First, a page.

herald

Saturday 16 December 2017

How 27 years of marathon running saved Trish's life in heart-op scare

A DUBLIN woman who has taken part in the Flora Women's Mini Marathon for the past 27 years has said that the competition saved her life.

Trish Horgan (57), from Collins Avenue in Drumcondra, underwent a serious health scare two years ago while on holiday in Spain, and the avid runner has since been fitted with a pacemaker.

But she credited her speedy recovery to taking part in the mini marathon for the past 27 years.

"Last year, the marathon was particularly significant for me. In 2008, I was on holiday in Spain as usual. I felt a little ill one day and then I wound up spending the next four weeks in intensive care undergoing a series of operations," Trish told the Herald.

"I spent seven weeks in hospital there, but I kept going. I was fitted with a pacemaker but it actually ripped the top of my lung and the tubes weren't working properly.

"I know it was because I was so fit from doing the marathon all these years that I was able to recover so quickly -- even my husband said so."

The Dubliner added that she kept motivated by thinking about how important the marathon was to her.

"I couldn't fly for several days afterwards. This all happened in September 2008, but I knew I had the marathon ahead of me in June.

"I wasn't going to miss it. I thought to myself, 'I'm going to cross that finishing line, even if I have to walk it'. You have to be positive. I could be a cardiac cripple, but you have to fight," she said.

Joining Trish in the 2010 marathon for their 28th consecutive year are fellow Dubliners Ria Stewart, (60), Margaret Goodwin (54) and Betty Hand (70).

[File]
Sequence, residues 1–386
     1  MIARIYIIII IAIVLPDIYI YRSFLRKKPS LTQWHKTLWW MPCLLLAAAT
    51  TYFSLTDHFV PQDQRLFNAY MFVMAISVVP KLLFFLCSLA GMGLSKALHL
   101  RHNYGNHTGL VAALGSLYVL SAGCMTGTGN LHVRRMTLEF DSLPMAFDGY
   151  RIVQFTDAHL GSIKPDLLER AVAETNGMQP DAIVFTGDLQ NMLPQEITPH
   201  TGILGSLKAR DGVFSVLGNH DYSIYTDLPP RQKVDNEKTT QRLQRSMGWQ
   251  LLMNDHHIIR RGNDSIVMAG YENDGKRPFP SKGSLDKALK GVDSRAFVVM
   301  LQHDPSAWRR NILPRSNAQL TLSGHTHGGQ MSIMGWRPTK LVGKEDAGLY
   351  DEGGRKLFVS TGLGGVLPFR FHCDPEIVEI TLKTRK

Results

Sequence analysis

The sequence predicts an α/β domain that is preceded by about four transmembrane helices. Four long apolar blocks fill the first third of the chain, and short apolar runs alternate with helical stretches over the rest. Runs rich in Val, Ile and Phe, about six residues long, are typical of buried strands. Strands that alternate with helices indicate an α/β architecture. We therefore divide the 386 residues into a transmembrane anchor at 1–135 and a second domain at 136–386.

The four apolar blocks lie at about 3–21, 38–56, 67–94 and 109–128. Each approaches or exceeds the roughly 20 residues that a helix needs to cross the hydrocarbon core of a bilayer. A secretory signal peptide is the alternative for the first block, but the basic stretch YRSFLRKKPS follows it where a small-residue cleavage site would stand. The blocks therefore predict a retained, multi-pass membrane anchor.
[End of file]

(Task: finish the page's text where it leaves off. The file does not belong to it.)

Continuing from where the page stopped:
All four women have been running the marathon since it was established in 1983 and have watched it grow from 9,000 participants to 40,000.

Having raised nearly €14m last year, the women's mini marathon has become one of the single biggest charity events of its kind throughout the world.

At the official launch yesterday, organisers called for all women to register to take part in the June event.

However, this year marks the introduction of a new campaign to highlight the heroic day-to- day efforts of women.

A spokesperson explained: "Our big initiative this year is to search for the Flora Heart Hero. Most of the women who participate in the marathon have such inspirational stories and this gives them the opportunity to share it. And it's also an excuse for us to give more money for charity."

An expert judging panel will review the stories submitted by participants and whittle them down to the top three.

They will then be voted on and €1,000 will be donated to charity in honour of the winner, with €500 each for the runners up.

See pages 64 - 68 in Sport

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